I recently visited Tokyo and became an instant fan. I have gathered input about Japan for some years, and helped prepare expats for their impending move to Tokyo, but nothing prepared me for the impact of this vast megalopolis. How to put my impressions of a whirlwind visit to Tokyo and Kyoto in a few words? “Stark contrast.” From the ear-splitting cacophony in Akihabara, the electronics shopping district, to the quiet, empty downtown streets on a weekday morning. From the Imperial Palace buildings and gardens to the ultra-modern architecture of the Roppongi district. From fleeting glimpses of geishas hurrying along the streets in the old district of Kyoto to the loud pop culture of Takeshita-dori in Tokyo.
This lead me to ask many questions, yet to be answered.
Who are the key influencers in society?
Who dares to break the mould, given the apparent conformity? Examples abound in everyday life: public “humility”, politeness. Bowing, smiling, apologizing (for anything and everything). The yellow dividing line on the floor in the subway stations, separating the flow of passengers moving in opposite directions.
How come the yellow line works here? Why not anywhere else in the world?
What constitutes a revolution in Japanese society? Overstepping the yellow line?
Is it a given that the change in society will come from the younger generation?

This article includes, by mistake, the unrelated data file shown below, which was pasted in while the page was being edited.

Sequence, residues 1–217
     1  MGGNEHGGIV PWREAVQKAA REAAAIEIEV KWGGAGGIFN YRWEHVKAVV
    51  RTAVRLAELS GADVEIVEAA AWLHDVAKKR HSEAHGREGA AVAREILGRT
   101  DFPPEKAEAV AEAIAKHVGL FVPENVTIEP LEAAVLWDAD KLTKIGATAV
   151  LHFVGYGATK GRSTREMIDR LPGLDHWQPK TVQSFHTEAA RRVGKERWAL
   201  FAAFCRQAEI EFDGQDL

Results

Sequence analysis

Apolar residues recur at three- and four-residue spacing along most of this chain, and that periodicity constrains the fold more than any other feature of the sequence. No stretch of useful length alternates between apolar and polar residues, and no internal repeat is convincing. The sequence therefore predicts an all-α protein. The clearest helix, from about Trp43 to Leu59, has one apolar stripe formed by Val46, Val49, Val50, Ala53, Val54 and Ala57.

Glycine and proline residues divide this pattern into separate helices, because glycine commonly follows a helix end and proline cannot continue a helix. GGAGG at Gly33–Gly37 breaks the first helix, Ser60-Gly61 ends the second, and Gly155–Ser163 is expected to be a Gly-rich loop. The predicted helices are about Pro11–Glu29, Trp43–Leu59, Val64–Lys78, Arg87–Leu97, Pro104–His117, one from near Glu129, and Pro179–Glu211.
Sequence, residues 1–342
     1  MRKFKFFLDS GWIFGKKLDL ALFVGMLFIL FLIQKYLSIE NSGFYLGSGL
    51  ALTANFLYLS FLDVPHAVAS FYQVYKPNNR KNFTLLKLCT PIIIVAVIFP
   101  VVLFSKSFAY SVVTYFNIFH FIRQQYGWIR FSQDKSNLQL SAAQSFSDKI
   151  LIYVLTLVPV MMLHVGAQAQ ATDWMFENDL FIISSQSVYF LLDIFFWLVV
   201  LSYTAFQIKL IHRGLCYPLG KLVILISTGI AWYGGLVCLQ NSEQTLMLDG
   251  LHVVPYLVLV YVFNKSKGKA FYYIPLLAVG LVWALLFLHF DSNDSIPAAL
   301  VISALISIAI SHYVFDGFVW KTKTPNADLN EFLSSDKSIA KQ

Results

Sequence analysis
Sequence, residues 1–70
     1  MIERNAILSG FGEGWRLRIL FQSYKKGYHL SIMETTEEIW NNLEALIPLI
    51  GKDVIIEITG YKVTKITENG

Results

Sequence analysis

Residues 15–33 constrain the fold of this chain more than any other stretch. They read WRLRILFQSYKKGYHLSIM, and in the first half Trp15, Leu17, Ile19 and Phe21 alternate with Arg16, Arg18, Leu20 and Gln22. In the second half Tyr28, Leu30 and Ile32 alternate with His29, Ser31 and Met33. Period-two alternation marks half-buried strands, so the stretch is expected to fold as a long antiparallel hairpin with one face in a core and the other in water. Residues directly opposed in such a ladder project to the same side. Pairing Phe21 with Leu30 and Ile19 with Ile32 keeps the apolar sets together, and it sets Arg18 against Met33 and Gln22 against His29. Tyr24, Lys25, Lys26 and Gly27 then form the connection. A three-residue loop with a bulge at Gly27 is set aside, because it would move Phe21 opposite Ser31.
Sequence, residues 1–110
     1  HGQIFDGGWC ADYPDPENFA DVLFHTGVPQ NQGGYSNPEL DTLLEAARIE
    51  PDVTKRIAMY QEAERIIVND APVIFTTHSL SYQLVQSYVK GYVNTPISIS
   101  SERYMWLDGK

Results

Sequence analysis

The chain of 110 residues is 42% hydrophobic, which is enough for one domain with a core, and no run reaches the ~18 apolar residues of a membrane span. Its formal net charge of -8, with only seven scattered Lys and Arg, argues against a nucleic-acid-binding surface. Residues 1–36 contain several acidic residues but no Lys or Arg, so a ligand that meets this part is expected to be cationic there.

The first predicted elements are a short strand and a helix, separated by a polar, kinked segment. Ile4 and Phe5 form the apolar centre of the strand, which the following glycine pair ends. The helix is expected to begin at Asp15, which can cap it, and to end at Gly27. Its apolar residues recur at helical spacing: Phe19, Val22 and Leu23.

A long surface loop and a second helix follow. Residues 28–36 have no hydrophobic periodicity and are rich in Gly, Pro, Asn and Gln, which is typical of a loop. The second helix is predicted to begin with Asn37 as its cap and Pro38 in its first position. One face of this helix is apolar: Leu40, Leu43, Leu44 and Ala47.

Around the same time as my visit, I read an article in the Financial Times, written by Brent Hoberman (a London based internet entrepreneur.) He raises the valid point that those who are living the digital transformation and revolution are under 30 years of age, whilst those that run organisations, whether in politics, media, retail, are over 40, if not 50. This was not intended as a criticism in any way, but rather as a statement of fact, pointing out the differences in communication of these two generations. The language of the internet is not the native tongue of the over 30’s! We over 30’s use it, but they live it!

So, in the communication of change, how do we translate our messages into “webspeak” to make sense to our target audiences. And is this not a strong argument for getting the “right” change champions on board? This implies a mix of generations, including those who can act as bridgers, or “bilingual” translators.